St Weonard’s is only a small village and it is easy to spot the church. We parked outside the church and bought a sunflower from the church’s ‘honesty table’. (That morning we discovered a slug had eaten Sophie’s sunflower she had from school and was very upset so this was a ‘must buy’!) I like ‘honesty tables’ and try to buy from them as much as possible. It restores my faith in humankind. The church is pretty and well worth a look around. There is a 15thC wooden chest and some kind of wooden stretcher which I assume was used for carrying coffins? I like an old church………..
Anyway, onto the Tump. It is easily found, just outside the church, next to the primary school. There is a pavement which runs around the base of it. Two ends have a fence around it (part of someone’s garden?) but the main bit is open from the pavement. It is very large and completely covered in trees, bushes, nettles etc. The sides are steep and the soil loose. When I climbed up the soil was giving way with each step. Due to the trees there is no view to be had but I suspect when the Norman fort was built it would have commanded the surrounding area.
If you happen to be in the area it is well worth stopping off for. I would strongly suggest combining a visit with the not-to-far away Kilpeck Church, with its fantastic carvings and famous Sheela Na Gig.
There was a standing stone near the barrow*, which disappeared in the 1990s, which had the following associated with it:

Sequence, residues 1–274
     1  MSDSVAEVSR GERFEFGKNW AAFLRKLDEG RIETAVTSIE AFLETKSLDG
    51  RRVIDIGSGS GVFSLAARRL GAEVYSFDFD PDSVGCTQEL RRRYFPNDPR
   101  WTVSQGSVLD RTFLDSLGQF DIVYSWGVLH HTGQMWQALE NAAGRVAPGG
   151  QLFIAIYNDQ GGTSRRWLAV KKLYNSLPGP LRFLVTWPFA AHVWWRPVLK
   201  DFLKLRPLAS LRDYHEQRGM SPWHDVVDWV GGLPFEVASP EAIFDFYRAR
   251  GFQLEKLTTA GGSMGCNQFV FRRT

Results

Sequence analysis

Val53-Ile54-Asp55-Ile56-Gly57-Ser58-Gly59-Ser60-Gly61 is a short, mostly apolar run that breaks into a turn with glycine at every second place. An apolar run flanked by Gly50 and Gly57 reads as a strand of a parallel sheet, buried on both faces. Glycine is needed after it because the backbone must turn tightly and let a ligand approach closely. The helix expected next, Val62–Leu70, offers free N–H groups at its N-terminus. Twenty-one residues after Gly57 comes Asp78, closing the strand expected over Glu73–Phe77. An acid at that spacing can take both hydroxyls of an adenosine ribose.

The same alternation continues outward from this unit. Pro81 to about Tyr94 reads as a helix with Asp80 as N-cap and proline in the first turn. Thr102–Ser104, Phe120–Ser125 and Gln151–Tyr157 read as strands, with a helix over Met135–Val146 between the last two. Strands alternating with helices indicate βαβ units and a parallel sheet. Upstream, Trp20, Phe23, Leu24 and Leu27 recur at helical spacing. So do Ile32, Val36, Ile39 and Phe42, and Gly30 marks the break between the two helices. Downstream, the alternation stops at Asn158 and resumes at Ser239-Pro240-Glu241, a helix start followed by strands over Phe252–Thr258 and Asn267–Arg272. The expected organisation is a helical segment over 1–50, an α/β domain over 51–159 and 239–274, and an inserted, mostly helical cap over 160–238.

"'when hanging was meted out to sheepstealers, a man was found one morning dead, leaning up against the stone, with a sheep tilted over the upper edge, with its four legs tied together for carrying'. The man had rested and the sheep to which he had tied himself had somehow slipped or struggled and strangled him. This was told to explain the bronze age cup marks on the stone, looking like imprints of a pair of sheep's trotters.
The road is said to be haunted by the ghost of the man, with the sheep on his back; he crosses the road and disappears into a yew tree."
As told in "Stone Spotting in Herefordshire" - Jonathan Sant (2000 Moondial)
*The stone was listed in "Herefordshire Register of Countryside Treasures" - E.C. Davies/County Planning Department (1981) published by H&W County Council:
"Standing Stone, St Weonards
A pillar of red sandstone lying N-S. 1m high with base section 0.6 x 0.3m. Two cupmarks discernable on the E side.
At roadside near to crossroads S of St Weonard's on A466. (497235)."
I wonder if anyone has any pictures of this before it went missing?
St Weonard's Tump is a bronze age barrow reused as a Norman motte. Excavation in 1855 revealed two burnt human burials under a cover of stones. The village church was built less than 100m away.
It is a prominent landmark right at the centre of the village, and seems to have been used as a focus for the community for centuries: a Victorian writer (ok, maybe romantically) spoke of it being used 'since time immemorial' for fetes and dancing. It is planted with trees - most recently to celebrate the Queen's Silver Jubilee. Just try to ignore the disused water tank sunk into the summit.
The folklore is christianised - St Weonard is said to be buried inside in a golden coffin, or maybe on a golden coffer filled with gold, with the inscription "Where this stood is another twice as good; but where that is, no man knows".